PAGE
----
And so, it was this century’s worth of evidence and medical consensus that I, a humble engineering graduate, attempted to challenge.
As you would expect, on the Internet, there is an overwhelming amount of information on diabetes. Google “diabetes” and you’ll be faced with several billion search results! I suspect the actual amount is higher, but it is simply capped off. Even with all that knowledge combined, it always circles back to the two categories of pathology and the commonly used treatment methods. Alongside those two subject areas lay the snake-oil salesmen offering magical treatments, health supplements, and the like, geared toward making as much money as possible from vulnerable and desperate consumers.
Simply put, diabetes is the phenomenon that occurs when the blood sugar regulation in our bodies is out of control. The blood sugar level within a human body is mainly regulated by hormones, and the pancreas is one of the most important endocrine (or hormone secretion) organs, with the pancreatic islets being the cell groups that are unevenly distributed within. The islets can produce two types of hormones that are vital to controlling blood sugar – glucagon and insulin, which raise and lower blood sugar respectively to maintain an equilibrium within our bodies.
Diabetes occurs when there is a breakdown in the production, transportation, and application process of insulin, resulting in the inability to regulate blood sugar and creating an accumulation of sugars. Organs such as the kidneys, feet, and eyeballs become saturated in an opaque bath of syrup, breeding decomposition and decay, and causing lesions which are ultimately incurable.
In the medical field, diabetes is categorized into types I and II. The full name of Type I Diabetes is “insulin-dependent diabetes”, and its main cause is genetic inheritance. The patients have a congenital immune disorder that makes the pancreatic islets prone to infection, which in turn causes the body’s own immune system to attack and damage them. The causes for Type II Diabetes are more mysterious. Epidemiological research shows that, aside from genetic factors, obesity, a high-caloric diet, a lack of exercise, and other similar environmental or lifestyle factors also increase the risk for developing diabetes.
As for treatments, as I mentioned earlier, it’s nothing but prescriptions doled out by the mainstream physicians, whether it’s sulfonylurea-type or biguanide-type medications that lower blood sugar as early intervention methods or direct insulin injections in the later stages.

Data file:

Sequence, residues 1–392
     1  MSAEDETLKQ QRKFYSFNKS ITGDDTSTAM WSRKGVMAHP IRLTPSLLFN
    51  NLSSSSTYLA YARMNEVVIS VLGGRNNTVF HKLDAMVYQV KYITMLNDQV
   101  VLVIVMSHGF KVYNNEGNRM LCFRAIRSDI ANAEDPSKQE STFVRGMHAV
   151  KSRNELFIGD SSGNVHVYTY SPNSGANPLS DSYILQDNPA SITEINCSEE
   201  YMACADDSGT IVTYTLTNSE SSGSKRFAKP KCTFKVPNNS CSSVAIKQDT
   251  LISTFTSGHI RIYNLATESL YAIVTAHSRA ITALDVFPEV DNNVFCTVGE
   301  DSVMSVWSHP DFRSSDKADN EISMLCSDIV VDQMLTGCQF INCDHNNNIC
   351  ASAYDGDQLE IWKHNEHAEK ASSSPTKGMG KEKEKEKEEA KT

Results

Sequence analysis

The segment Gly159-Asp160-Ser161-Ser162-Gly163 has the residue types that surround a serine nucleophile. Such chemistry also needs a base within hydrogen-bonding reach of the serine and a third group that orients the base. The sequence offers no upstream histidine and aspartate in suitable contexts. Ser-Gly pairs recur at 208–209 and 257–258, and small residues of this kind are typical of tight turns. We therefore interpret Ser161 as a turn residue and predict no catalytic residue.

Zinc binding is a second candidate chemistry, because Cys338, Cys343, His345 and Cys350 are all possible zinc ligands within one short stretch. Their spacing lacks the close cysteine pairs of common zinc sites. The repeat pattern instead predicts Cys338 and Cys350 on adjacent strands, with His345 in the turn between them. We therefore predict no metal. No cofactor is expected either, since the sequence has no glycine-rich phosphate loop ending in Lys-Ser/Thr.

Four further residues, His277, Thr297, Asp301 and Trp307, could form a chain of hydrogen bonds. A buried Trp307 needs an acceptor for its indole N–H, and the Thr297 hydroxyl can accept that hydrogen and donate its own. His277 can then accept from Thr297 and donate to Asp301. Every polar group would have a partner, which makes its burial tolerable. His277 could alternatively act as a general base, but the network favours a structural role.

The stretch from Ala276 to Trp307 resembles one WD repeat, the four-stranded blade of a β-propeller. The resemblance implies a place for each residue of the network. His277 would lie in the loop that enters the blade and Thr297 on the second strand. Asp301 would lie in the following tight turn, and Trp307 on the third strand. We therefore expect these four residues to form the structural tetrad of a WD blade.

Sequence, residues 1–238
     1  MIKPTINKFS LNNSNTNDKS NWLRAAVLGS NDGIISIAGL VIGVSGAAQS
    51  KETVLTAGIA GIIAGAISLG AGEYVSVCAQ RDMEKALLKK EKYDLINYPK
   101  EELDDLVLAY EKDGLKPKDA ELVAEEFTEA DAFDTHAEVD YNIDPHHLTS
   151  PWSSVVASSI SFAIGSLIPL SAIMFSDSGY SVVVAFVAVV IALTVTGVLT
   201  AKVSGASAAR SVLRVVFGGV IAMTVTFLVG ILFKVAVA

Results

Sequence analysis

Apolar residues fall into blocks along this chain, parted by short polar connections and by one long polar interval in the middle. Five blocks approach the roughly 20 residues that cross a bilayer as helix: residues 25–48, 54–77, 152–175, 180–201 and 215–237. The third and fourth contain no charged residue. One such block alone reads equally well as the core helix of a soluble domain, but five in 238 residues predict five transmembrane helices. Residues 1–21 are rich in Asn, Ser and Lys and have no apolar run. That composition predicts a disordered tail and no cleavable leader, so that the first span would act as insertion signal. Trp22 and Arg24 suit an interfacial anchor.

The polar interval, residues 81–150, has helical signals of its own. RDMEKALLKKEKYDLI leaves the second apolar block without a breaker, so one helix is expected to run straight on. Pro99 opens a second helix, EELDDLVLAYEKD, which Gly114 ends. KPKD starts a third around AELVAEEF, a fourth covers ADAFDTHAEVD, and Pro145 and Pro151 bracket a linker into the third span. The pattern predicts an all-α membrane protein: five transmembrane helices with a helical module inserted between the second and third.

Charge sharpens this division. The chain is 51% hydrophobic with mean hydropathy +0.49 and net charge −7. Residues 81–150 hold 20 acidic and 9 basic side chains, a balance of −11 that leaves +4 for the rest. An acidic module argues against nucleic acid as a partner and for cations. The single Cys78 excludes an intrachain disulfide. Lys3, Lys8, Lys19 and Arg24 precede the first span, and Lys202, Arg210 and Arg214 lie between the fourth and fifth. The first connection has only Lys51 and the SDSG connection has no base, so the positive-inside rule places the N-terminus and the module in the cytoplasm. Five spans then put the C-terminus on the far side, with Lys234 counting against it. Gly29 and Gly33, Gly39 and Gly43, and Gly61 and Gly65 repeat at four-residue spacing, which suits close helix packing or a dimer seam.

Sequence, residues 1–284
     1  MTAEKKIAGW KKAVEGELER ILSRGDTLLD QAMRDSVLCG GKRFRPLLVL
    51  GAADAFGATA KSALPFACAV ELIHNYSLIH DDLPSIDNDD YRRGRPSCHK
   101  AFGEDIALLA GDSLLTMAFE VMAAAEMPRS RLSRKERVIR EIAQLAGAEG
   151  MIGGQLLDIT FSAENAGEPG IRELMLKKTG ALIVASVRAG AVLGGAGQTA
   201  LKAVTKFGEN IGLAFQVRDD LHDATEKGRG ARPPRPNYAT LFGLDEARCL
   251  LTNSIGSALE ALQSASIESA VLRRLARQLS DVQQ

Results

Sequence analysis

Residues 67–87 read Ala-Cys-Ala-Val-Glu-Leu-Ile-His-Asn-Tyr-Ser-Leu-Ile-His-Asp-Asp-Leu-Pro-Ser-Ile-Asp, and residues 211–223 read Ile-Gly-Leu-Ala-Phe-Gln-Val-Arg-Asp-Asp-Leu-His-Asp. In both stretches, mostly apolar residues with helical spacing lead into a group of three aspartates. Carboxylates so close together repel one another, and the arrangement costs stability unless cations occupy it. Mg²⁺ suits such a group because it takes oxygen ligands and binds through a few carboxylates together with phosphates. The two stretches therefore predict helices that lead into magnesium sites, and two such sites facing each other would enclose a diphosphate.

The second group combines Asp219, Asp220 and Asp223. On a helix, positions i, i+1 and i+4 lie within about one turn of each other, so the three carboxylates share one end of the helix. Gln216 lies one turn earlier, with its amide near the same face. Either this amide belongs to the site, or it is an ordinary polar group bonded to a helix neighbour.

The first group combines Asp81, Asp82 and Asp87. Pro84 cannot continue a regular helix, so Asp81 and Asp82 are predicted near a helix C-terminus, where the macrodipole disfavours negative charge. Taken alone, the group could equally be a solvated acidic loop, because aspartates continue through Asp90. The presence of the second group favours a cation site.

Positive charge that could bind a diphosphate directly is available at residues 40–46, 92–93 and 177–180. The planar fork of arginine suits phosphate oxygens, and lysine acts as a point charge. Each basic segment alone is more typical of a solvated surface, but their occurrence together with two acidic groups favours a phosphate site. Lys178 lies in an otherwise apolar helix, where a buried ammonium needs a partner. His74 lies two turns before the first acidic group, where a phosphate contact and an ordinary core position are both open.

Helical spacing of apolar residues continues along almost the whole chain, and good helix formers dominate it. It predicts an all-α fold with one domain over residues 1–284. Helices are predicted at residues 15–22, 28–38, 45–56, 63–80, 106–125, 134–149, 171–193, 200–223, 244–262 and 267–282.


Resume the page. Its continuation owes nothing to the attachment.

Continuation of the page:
I found this same information over and over countless times, feeling like I was trapped inside a cage of knowledge, each article singing the same, monotonous tune as the others. The occasional alluring melodies of magic elixirs and secret techniques with their lack of scientific evidence never tempted me for long.
While drifting on this smoky and foggy ocean of information, like many other fellow Chinese descendants, when faced with an illness with no way out, I naturally thought of Traditional Chinese Medicine, or TCM. There is a common Chinese legend of an individual with an incurable disease, near death, who miraculously finds a remedy and is restored to perfect health. Could I be just as fortunate and find a similar panacea?
Unfortunately, I knew next to nothing about TCM. Perhaps there was a masterful Chinese physician who could prescribe a miraculous remedy to cure me, but to a layman, TCM reads like ancient Greek text. For example, you might read: “Right the just and dispel the evil and fortify the foundation and cultivate the elements.” These terms are even harder to understand than learning a foreign language. I hold TCM in high regard, however, realistically speaking, with the limited medical knowledge of a layman, one cannot possibly grasp all the limitless concepts and recipes of TCM in a short period of time, just to look for a shortcut in treating diabetes. Through my shallow reading I did discover that certain alternative and substitute treatments may be helpful, and that herbal medicine might be a starting point. The first possibility to catch my eye was Brazilian green propolis.